Special Purpose Vehicles and consolidation

When it comes to corporate restructuring and insolvency, there are various options for universities wanting to consolidate.

Many universities will have incorporated separate companies to carry out certain operations, such as the provision of catering supplies or nursery services, with many operating profitably and providing a service to students, staff, and the local community.

Similar special purpose vehicles (SPVs) may also have been set up to deal with a particular piece of research work or to work alongside external bodies in a joint venture arrangement.

Some of these SPVs may be lying dormant after a research project or specific initiative has fulfilled its objective or come to a close. Keeping these companies on the books can increase administration costs for accounts and compliance teams unnecessarily, or the SPV could be sitting on valuable cash or assets that could be reinvested into new projects.

Taking the time to tidy up the corporate structure of a university can have many benefits and there are three options;

  • strike the company off from Companies House
  • a members’ voluntary liquidation
  • creditors’ voluntary liquidation.

Strike off

If a company has been inactive for at a period of least three months and satisfies certain other criteria, it can simply be removed from the register of companies and dissolved by a simple application accompanied by a small fee payable directly to Companies House.

This procedure is quick and inexpensive but may not be the right option, particularly if the company in question has outstanding liabilities to third party creditors.

Any application to strike off must be given to all creditors of the company and will also be advertised in the London Gazette. As a result, any creditor could object to the striking off process.

If the company has valuable assets, striking off is not advisable either as any assets will vest in the Crown

bona vacantia

following the dissolution. Striking off will not, therefore, benefit shareholders where assets remain within the company or creditors if the company has significant liabilities.

If the company has a combination of both assets and liabilities, the more appropriate route is likely to be a formal insolvency process led by an insolvency practitioner as liquidator.

There are two alternative routes for a voluntary liquidation process. Both are initiated by the directors of the company (as opposed to compulsory liquidation, which is commenced with a winding up petition).

Members’ voluntary liquidation (MVL)

A members’ voluntary liquidation (MVL) is a “solvent liquidation”. It can only take place if the directors of the company are able to swear a statutory declaration of solvency whereby they must confirm that all liabilities of the company (including employee claims, debts to suppliers, HMRC, or joint venture partners), together with interest if applicable, will be paid off within 12 months of the declaration of solvency.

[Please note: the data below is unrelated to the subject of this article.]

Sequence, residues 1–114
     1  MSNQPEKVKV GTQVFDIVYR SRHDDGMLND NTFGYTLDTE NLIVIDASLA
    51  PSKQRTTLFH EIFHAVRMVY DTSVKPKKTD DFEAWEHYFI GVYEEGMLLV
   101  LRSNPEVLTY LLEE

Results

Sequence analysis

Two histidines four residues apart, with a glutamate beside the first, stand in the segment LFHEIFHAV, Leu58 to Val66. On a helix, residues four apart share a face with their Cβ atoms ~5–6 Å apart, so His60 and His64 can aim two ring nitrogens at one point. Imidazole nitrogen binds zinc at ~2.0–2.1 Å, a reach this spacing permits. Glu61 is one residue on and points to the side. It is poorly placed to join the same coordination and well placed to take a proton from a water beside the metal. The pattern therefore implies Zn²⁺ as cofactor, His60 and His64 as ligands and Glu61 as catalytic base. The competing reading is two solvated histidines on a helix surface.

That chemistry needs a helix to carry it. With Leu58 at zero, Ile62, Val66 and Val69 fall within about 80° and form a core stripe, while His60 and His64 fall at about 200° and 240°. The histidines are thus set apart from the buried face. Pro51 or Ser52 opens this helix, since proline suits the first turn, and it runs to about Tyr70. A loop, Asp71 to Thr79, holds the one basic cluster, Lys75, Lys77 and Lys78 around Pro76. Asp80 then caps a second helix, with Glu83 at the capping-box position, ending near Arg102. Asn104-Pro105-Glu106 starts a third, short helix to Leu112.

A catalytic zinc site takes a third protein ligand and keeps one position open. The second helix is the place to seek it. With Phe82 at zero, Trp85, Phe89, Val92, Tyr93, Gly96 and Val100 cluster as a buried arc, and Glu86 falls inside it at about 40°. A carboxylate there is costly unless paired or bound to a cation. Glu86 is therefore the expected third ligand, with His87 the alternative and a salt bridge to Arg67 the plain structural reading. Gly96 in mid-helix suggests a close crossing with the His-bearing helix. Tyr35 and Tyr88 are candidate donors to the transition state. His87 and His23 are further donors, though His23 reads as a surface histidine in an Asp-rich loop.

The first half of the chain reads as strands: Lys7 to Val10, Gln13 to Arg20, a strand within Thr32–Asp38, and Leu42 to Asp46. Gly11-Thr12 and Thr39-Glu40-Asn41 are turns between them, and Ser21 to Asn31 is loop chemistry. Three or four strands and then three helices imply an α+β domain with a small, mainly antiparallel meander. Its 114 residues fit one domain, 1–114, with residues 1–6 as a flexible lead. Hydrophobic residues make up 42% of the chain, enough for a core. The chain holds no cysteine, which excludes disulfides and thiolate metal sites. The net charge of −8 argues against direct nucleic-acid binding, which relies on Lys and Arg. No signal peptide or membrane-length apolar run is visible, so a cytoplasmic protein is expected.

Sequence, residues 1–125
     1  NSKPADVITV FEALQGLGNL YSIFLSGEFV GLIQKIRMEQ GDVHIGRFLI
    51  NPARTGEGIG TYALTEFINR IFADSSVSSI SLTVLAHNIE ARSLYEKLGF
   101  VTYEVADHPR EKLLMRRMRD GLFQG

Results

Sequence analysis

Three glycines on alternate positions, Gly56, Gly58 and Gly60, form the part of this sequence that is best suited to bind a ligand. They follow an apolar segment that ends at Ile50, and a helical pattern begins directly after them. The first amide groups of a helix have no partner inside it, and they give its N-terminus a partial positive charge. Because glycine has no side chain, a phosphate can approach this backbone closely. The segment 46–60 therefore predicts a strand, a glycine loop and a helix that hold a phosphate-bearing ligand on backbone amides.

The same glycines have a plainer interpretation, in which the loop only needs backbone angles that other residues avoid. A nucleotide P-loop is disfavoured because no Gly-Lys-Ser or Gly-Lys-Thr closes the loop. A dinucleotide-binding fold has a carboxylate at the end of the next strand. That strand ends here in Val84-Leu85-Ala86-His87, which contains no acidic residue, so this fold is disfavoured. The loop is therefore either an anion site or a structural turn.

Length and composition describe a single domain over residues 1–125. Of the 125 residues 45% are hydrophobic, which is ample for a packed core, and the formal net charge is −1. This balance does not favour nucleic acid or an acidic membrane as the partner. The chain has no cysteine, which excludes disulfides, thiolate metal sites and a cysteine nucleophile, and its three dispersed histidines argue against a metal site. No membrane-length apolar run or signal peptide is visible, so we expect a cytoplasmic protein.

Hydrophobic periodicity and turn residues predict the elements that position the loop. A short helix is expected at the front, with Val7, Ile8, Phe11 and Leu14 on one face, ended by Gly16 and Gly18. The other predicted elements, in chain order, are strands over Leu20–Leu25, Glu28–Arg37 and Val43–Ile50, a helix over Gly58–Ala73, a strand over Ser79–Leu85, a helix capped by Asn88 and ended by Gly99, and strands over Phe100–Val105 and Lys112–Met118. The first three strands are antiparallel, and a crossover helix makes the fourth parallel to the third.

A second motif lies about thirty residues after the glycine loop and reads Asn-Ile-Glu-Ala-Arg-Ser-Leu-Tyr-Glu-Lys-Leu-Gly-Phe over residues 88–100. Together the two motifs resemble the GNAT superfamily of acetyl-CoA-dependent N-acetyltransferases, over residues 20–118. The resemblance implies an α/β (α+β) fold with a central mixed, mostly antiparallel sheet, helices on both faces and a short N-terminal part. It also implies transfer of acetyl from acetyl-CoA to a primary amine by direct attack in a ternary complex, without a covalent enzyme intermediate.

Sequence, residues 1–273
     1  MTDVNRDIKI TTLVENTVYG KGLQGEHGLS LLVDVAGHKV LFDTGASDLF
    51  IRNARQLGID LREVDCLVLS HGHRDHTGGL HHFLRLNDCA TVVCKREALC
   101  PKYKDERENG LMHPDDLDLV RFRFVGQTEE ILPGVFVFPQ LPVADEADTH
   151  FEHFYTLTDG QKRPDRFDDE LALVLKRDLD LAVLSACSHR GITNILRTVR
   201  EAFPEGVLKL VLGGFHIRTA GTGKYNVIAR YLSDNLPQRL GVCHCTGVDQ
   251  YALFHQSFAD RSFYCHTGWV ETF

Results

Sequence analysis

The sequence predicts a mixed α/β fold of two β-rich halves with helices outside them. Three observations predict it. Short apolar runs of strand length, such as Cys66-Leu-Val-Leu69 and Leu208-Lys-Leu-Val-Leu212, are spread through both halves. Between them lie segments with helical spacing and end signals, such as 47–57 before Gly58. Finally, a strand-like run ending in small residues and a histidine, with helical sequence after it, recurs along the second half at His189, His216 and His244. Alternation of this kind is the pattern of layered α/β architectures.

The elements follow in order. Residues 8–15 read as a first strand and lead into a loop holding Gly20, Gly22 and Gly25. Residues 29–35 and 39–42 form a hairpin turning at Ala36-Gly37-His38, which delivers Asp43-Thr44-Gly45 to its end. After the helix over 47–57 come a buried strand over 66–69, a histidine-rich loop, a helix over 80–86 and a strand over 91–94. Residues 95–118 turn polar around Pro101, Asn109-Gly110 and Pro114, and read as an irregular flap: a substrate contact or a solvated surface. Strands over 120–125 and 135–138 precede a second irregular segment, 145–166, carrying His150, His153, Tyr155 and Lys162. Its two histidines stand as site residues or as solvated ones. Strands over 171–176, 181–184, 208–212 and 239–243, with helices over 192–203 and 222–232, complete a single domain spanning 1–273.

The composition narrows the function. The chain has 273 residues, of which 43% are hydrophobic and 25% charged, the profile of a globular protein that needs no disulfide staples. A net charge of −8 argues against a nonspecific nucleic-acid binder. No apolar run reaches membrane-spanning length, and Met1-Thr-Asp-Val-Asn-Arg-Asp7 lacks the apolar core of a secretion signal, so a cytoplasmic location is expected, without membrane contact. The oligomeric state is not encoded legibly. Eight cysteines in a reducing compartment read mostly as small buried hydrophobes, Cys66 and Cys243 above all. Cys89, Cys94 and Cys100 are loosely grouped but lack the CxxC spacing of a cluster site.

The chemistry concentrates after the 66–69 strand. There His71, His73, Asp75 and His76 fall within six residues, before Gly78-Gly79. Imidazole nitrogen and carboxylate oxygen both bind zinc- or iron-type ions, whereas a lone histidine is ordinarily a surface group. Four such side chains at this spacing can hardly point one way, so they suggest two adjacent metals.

An MVL may help simplify corporate structures or have the advantage of allowing a tax efficient distribution of assets as part of a reorganisation process. Once any creditors’ claims have been settled, any surplus in terms of assets can be distributed by the liquidator to the university or individual shareholders and at the end of the liquidation process, the company will be dissolved.

Directors must exercise caution when swearing a declaration of solvency as making a false declaration can lead to criminal proceedings against the director(s).

Creditors’ voluntary liquidation (CVL)

If the directors are aware the company is not able to pay its liabilities from the realisation of its available assets, it is effectively insolvent and the process to place the company into creditors’ voluntary liquidation should be followed.

This is a procedure where the company’s creditors have an active involvement, including the choice of the liquidator and participation in decisions regarding the liquidator’s remuneration and strategy.

How can we help?

We are able to advise you on the most appropriate route in any restructuring exercise and can provide you with the relevant legal advice covering real estate, corporate and taxation issues that frequently arise.

We work regularly with the leading insolvency practitioners with expertise in the sector and can assist you in making the right choice of the most suitable liquidator, dovetailing with them to ensure any corporate reorganisation is ultimately successful.

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David is the lead employment partner for the firm’s education clients and provides sector specialist advice to universities and colleges. He regularly provides clients with strategic advice on issues such as major restructures; TUPE; and trade union relations. David also undertakes a significant amount of contentious work for both education and non-education clients, including representation at employment tribunals, the EAT and the Court of Appeal.

Written By

Published: 28th October 2021
Area: Corporate Restructuring & Insolvency

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